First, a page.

Pastor Sherry’s message for September 4, 2022
Scriptures: Jer 18:1-11; Ps 139:1-18; Philemon 1-21; Lk 14:25-33
Back in the 1980’s, when I was first coming into a personal relationship with Jesus Christ, I looked to a set of commentaries to help me understand the New Testament. I had been asked to lead a women’s Bible Study and knew I needed help with understanding the difficult passages. My parish priest (I was an Episcopalian at the time) suggested I consult William Barclay’s commentaries. Rev. Dr. William Barkley, was a minister in the Church of Scotland and lived from 1907-1978. At that time, his volumes were paperback books with distinctive blue, green, or pink covers, each one explaining a given book of the Bible. Since I knew next to nothing—and my church had the whole set—I was grateful to delve into them.
Over time, however—and as my faith deepened—I began to see some problems. First, Barclay didn’t believe in the miracles of Jesus and, as a student of the Enlightenment, attempted to explain them away with science. In my heart of hearts, I knew this couldn’t be. The Gospel of Mark certifies that Jesus had power over nature, including the laws of nature; the supernatural, including angels and demons; and both physical illness and mental infirmity. Even more impressive, He had the authority to forgive sins and to bring dead people back to life. I loved Barclay’s wisdom and knowledge, but I began to believe his concept of God was too limited. I knew then (and now) that I wanted a God who is powerful enough to alter the very laws of nature that He has put into place. I wanted a God who can truly do …immeasurably more than all we ask or imagine (Ephesians 3:20)—and we have Him!
Secondly, I also discovered Barclay must have been what is known as a dispensationalist. These folks believe that the gifts of the Holy Spirit were given for a specific era, which ended before our time; that is, the miraculous works Jesus and the apostles did (healing, raising people from the dead, etc.) ended upon their deaths. But I have witnessed and experienced miracles of healing and perhaps you have too—these gifts are not passé.
Nevertheless, I would never suggest we dismiss all that Barclay had to say. Among many wise things he wrote, I believe his distinction between being a disciple and a follower of Christ is both profound and accurate:
It is possible to be a follower of Jesus without being a disciple: to be a camp follower without being a soldier of the king; to be a hanger-on in some great work without pulling one’s weight. Once someone was talking to a great scholar about a younger man. He said, ‘So and so tells me that he was one of your students.’ The teacher answered devastatingly, ‘He may have attended my lectures, but he was not one of my students.’ There is a world of difference between attending lectures and being a student. It is one of the supreme handicaps of the Church that in the Church there are so many distant followers of Jesus and so few real disciples.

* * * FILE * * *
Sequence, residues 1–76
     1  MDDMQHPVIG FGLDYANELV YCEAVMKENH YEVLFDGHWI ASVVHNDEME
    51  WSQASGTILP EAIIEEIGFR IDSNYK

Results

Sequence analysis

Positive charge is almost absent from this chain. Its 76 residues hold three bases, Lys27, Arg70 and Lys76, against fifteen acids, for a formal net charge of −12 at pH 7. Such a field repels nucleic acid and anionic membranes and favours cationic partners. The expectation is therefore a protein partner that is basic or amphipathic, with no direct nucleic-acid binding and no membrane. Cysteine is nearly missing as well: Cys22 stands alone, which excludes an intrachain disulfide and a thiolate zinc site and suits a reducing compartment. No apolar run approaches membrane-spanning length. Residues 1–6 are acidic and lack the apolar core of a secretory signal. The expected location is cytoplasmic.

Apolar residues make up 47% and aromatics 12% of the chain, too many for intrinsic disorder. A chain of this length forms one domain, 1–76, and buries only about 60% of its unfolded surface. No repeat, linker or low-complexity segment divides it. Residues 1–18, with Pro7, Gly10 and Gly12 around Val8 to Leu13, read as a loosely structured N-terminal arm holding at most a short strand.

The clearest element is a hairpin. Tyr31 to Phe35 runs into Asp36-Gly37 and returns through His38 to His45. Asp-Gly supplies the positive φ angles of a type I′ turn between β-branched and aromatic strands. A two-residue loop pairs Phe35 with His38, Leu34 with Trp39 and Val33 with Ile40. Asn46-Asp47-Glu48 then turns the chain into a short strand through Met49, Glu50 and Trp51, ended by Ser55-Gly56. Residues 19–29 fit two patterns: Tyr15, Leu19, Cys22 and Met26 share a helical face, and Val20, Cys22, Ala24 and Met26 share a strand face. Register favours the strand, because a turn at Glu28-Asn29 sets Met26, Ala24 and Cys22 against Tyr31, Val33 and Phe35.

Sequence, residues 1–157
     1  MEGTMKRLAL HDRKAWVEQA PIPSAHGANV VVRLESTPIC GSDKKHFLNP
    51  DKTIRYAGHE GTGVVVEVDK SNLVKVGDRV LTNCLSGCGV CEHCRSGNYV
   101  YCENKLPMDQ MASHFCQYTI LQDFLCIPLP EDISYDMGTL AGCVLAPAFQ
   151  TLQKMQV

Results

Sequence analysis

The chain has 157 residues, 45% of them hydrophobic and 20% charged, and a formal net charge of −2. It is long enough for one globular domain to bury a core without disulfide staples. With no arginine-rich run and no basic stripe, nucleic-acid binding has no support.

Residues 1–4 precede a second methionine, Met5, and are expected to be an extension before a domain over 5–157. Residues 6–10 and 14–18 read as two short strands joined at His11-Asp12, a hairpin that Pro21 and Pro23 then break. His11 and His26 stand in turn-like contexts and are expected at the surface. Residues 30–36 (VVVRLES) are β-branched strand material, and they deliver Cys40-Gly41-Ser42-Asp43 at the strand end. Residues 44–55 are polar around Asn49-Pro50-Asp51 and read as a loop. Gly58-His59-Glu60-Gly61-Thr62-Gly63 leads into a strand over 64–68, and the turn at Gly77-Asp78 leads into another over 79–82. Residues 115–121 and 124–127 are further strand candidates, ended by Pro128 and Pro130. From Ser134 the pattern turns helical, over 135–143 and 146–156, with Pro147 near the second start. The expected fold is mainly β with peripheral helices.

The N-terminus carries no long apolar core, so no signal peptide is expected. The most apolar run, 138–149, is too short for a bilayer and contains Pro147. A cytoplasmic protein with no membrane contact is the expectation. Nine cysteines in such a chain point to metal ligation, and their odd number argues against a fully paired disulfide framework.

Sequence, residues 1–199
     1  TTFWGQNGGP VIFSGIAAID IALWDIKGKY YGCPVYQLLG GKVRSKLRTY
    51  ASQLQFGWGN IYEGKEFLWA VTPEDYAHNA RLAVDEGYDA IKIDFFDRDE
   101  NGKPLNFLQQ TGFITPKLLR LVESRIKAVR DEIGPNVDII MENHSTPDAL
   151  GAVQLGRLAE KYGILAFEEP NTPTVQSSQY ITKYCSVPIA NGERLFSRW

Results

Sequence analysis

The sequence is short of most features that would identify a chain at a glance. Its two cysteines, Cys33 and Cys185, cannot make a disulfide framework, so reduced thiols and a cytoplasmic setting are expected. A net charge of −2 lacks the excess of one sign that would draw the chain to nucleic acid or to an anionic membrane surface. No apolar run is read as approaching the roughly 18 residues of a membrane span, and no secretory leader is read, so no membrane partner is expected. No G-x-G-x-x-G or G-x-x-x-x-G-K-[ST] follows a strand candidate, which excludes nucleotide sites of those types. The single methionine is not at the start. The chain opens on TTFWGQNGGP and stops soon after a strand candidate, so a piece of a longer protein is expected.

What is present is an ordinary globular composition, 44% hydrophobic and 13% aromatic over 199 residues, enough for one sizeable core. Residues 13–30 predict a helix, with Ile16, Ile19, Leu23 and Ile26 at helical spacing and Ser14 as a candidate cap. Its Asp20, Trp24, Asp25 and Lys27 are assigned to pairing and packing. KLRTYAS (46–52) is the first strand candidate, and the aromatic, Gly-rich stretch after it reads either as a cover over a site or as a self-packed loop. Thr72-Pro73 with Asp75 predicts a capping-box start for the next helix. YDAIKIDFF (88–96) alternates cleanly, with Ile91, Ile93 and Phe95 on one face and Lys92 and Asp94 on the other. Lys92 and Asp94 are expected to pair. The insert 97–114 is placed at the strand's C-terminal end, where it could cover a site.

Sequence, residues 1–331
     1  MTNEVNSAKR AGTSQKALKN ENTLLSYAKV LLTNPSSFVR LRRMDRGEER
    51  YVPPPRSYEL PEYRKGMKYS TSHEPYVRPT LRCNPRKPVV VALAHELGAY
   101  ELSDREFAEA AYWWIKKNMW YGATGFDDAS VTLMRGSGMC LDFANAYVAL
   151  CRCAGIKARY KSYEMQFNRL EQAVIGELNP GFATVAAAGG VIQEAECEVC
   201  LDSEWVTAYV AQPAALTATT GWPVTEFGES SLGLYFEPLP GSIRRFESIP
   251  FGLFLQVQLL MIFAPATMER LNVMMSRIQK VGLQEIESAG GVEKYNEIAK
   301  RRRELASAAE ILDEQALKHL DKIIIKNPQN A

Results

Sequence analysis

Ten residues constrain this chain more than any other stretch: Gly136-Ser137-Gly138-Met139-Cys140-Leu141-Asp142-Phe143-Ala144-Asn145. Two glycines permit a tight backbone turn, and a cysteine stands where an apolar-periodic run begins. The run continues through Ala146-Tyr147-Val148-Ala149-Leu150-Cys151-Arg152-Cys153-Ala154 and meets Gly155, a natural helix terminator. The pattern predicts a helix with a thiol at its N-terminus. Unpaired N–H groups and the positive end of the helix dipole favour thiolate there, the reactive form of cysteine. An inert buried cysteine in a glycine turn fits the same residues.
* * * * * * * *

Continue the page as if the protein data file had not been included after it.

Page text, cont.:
(Chuck Swindoll, The Tale of the Tardy Oxcart, Word Publishing, 1998, p.162.)
I believe this is the consistent message of our Scripture passages today. All four lessons assigned for today are variations on a common theme: True Discipleship.
A. Our OT lesson is from Jeremiah (18:1-11). God has the prophet draw Judah’s attention to the work of a potter. Then, as now, potters worked moist clay on a wheel. As the wheel spun, the potter would use his hands to shape the clay into a bowl or pot to then be fired/hardened in a kiln. The image of a potter with wet clay is a metaphor for God’s relationship with them then and with us now. If the clay (us) is malleable, then the potter (God) can mold and shape according to His plan.
The power of the Potter is absolute! He has a plan/purpose as He works in and with us. Interestingly, He can rework pots or vessels that turn out wrong or are flawed. If we allow Him to do so, He has the power to shape us into vessels of honor. What a wonderful thought! But, this requires us to be totally cooperative and totally committed. Christ’s disciples say “yes” to this process. Barclay would suggest that distant Christ-followers, however, tend to walk their own way, paying little attention to what Jesus might desire of them daily.
A true disciple, then seeks out and cooperates with the will of our Potter.
B. Psalm 139:1-18 gives us a perfect rationale for surrendering our will to that of our Lord. In verses 1-4 He has searched us and He knows us. He knows who we are. He knows our thoughts. He knows what we intend to say before we say it. He knows our behavior too—what we are up to. Additionally, in verses 5-11, we learn there is nowhere that we can run to escape Him or His knowledge of us. He is omniscient, and also omnipresent. Where-ever we may go, He will be there too. He is the “with us” God, Immanuel. And, in verses 13-16, the psalmist declares: He made us (knit me [us] together in my [our] mother’s womb). He thought each one of us up and called us into being, regardless of what our parents planned. He ordained how long we would live. And He ordained a plan and a purpose for each of us.